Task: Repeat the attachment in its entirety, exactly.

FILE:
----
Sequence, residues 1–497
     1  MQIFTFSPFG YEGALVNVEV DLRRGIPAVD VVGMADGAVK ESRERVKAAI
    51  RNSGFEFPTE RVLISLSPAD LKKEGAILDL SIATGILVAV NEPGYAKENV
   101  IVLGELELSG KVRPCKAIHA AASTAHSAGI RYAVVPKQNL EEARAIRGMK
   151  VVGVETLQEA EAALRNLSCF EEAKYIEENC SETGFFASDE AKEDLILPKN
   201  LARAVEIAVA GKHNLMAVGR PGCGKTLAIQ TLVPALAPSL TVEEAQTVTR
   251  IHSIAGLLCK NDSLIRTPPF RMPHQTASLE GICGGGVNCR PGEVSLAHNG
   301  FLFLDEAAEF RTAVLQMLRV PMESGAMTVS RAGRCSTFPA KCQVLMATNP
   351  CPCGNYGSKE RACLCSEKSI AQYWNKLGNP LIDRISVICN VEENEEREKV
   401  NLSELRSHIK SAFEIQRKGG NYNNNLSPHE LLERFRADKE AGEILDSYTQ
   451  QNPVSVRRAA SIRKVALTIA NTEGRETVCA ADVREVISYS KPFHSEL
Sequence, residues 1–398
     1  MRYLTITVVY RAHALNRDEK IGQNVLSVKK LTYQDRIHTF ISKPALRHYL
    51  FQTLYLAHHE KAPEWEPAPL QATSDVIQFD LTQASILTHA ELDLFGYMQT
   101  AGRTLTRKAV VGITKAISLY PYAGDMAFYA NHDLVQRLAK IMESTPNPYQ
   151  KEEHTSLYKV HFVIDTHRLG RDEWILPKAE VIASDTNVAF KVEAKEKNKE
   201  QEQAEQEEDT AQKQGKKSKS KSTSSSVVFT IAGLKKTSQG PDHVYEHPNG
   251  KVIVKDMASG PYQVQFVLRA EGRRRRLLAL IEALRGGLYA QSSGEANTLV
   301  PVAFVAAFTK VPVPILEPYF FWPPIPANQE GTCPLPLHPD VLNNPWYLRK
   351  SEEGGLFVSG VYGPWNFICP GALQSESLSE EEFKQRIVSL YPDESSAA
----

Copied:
Sequence, residues 1–497
     1  MQIFTFSPFG YEGALVNVEV DLRRGIPAVD VVGMADGAVK ESRERVKAAI
    51  RNSGFEFPTE RVLISLSPAD LKKEGAILDL SIATGILVAV NEPGYAKENV
   101  IVLGELELSG KVRPCKAIHA AASTAHSAGI RYAVVPKQNL EEARAIRGMK
   151  VVGVETLQEA EAALRNLSCF EEAKYIEENC SETGFFASDE AKEDLILPKN
   201  LARAVEIAVA GKHNLMAVGR PGCGKTLAIQ TLVPALAPSL TVEEAQTVTR
   251  IHSIAGLLCK NDSLIRTPPF RMPHQTASLE GICGGGVNCR PGEVSLAHNG
   301  FLFLDEAAEF RTAVLQMLRV PMESGAMTVS RAGRCSTFPA KCQVLMATNP
   351  CPCGNYGSKE RACLCSEKSI AQYWNKLGNP LIDRISVICN VEENEEREKV
   401  NLSELRSHIK SAFEIQRKGG NYNNNLSPHE LLERFRADKE AGEILDSYTQ
   451  QNPVSVRRAA SIRKVALTIA NTEGRETVCA ADVREVISYS KPFHSEL
Sequence, residues 1–398
     1  MRYLTITVVY RAHALNRDEK IGQNVLSVKK LTYQDRIHTF ISKPALRHYL
    51  FQTLYLAHHE KAPEWEPAPL QATSDVIQFD LTQASILTHA ELDLFGYMQT
   101  AGRTLTRKAV VGITKAISLY PYAGDMAFYA NHDLVQRLAK IMESTPNPYQ
   151  KEEHTSLYKV HFVIDTHRLG RDEWILPKAE VIASDTNVAF KVEAKEKNKE
   201  QEQAEQEEDT AQKQGKKSKS KSTSSSVVFT IAGLKKTSQG PDHVYEHPNG
   251  KVIVKDMASG PYQVQFVLRA EGRRRRLLAL IEALRGGLYA QSSGEANTLV
   301  PVAFVAAFTK VPVPILEPYF FWPPIPANQE GTCPLPLHPD VLNNPWYLRK
   351  SEEGGLFVSG VYGPWNFICP GALQSESLSE EEFKQRIVSL YPDESSAA